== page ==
The old man in the story has no name, and the author only describes small details, and it is up to the reader to understand the significant meanings. In the story the old man goes by many names, and the author describes, “the second traveler was about fifty years old, apparently in the same rank of life as Goodman Brown” (262). Later in the paragraph, the narrator notes that the old man shares quite a resemblance to Brown, and they could easily be mistaken for father and son. Brown is introduced as an innocent religious man who decides to tempt his faith, and the old man in the woods is hinted at being the devil, due to his attempts to have Brown join him and his cult; when the author compares the two saying they resemble each other, it is assumed that they could be related or the old man could be the evil side of Brown. Nonetheless, it comes across as a bit disturbing to imagine that a faithful man like Brown and a mysterious evil man seem to be related.
Throughout the story, the old man 's goal is to convince Goodman Brown to join him i...
... middle of paper ...
...frightening and perceived as danger to most people. While darkness, refers to the sinister appearance of the staff, in conjunction with the one holding it. The imagery surrounding the old man in the woods, always adds to the feeling that the old man is not a person at all, and seems to be a supernatural figure.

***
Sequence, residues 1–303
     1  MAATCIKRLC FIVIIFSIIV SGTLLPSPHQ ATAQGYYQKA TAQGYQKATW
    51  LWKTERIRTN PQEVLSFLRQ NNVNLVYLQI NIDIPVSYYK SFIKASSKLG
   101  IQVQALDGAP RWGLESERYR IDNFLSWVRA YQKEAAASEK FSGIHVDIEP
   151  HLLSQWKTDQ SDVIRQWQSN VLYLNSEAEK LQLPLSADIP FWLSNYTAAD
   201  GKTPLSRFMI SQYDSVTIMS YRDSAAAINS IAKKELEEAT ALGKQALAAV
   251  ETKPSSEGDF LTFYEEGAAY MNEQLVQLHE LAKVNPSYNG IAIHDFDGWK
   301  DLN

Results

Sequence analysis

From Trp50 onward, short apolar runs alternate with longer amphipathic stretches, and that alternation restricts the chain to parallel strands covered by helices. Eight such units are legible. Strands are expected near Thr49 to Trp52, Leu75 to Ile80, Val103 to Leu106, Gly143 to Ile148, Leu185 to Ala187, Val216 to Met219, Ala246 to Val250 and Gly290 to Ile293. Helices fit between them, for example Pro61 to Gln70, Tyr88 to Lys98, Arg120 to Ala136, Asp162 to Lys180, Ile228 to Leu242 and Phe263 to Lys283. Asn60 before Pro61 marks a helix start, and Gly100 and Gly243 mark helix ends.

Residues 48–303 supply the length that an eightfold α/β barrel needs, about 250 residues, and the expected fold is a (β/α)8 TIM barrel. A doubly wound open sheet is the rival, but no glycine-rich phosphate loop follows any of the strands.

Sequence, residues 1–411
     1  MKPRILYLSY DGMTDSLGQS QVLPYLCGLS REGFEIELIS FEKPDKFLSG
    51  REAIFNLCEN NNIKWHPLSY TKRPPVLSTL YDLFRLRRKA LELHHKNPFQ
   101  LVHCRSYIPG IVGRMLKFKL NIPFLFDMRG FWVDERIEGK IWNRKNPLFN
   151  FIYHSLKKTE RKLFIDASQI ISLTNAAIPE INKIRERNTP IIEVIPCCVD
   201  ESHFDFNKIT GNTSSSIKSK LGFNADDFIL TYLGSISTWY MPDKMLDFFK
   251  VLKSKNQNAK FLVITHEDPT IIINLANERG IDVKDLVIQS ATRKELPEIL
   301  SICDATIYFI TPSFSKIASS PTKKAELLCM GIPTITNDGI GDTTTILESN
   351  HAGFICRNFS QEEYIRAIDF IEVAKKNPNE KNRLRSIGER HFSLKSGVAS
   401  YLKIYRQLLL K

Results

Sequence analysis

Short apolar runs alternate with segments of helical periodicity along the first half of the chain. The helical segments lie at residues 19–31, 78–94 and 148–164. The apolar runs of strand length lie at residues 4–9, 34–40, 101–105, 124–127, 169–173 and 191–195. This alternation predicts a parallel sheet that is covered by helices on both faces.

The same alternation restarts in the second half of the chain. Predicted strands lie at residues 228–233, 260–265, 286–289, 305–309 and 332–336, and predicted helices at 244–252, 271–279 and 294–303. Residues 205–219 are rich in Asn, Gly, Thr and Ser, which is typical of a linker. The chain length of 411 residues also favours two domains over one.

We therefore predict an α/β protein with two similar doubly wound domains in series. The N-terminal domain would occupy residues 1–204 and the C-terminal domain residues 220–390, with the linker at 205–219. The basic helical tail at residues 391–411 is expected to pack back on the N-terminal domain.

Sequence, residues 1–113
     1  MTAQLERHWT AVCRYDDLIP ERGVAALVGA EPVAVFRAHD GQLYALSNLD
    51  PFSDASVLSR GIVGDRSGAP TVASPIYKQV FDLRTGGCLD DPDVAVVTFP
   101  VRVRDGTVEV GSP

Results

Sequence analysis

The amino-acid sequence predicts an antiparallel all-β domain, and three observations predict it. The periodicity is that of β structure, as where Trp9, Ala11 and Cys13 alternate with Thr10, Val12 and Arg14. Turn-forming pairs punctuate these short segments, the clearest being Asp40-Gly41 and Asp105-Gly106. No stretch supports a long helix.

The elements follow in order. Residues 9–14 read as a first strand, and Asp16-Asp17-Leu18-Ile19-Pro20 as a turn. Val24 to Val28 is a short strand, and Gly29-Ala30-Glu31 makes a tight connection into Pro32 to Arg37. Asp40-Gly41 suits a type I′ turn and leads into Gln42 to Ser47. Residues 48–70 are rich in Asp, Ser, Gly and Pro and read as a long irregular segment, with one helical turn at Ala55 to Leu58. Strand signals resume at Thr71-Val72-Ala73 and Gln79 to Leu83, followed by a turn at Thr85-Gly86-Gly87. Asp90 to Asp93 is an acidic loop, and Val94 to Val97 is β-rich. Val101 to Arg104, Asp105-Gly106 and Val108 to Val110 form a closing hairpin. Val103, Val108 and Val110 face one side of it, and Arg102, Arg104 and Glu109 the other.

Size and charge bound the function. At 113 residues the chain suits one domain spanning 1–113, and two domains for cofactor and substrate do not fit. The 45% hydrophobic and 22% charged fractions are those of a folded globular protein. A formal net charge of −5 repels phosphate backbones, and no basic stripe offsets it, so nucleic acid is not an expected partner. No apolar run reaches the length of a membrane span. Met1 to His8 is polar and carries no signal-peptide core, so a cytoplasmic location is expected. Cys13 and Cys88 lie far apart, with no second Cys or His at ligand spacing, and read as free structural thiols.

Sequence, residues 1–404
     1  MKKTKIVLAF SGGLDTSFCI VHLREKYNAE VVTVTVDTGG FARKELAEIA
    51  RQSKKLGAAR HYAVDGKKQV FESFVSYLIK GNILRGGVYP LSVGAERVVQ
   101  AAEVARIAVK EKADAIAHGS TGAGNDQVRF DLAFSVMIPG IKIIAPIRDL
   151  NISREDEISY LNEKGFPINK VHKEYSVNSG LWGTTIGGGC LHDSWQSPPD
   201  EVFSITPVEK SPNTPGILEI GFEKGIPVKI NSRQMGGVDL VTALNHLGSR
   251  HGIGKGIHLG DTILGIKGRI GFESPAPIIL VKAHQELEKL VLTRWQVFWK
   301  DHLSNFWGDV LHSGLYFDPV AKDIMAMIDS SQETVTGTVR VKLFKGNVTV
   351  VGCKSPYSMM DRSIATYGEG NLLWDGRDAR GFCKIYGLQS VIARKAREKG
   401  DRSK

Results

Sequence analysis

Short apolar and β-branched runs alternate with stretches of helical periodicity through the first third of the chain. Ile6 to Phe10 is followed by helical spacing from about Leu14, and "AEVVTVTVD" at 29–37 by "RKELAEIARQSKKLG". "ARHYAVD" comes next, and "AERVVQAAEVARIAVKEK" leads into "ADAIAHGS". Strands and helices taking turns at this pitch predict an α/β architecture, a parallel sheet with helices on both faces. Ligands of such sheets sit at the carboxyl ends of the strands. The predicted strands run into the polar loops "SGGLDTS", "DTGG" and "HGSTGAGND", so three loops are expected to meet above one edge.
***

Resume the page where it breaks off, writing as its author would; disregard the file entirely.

In the end, the old man fails in having Brown join him but he plants a seed of doubt in Brown, that he cannot shake off. Brown’s doubt stays with him for the rest of his life, and his paranoia leads him to mistrust any of those around him. Even though Hawthorne mentions little about the old man, through the dialogue, by the end of the story the reader can form a clear picture of this sinister character. Throughout the story the old man is often hinted at being mysterious and strange, having superhuman abilities and creating an air of evil for this character.
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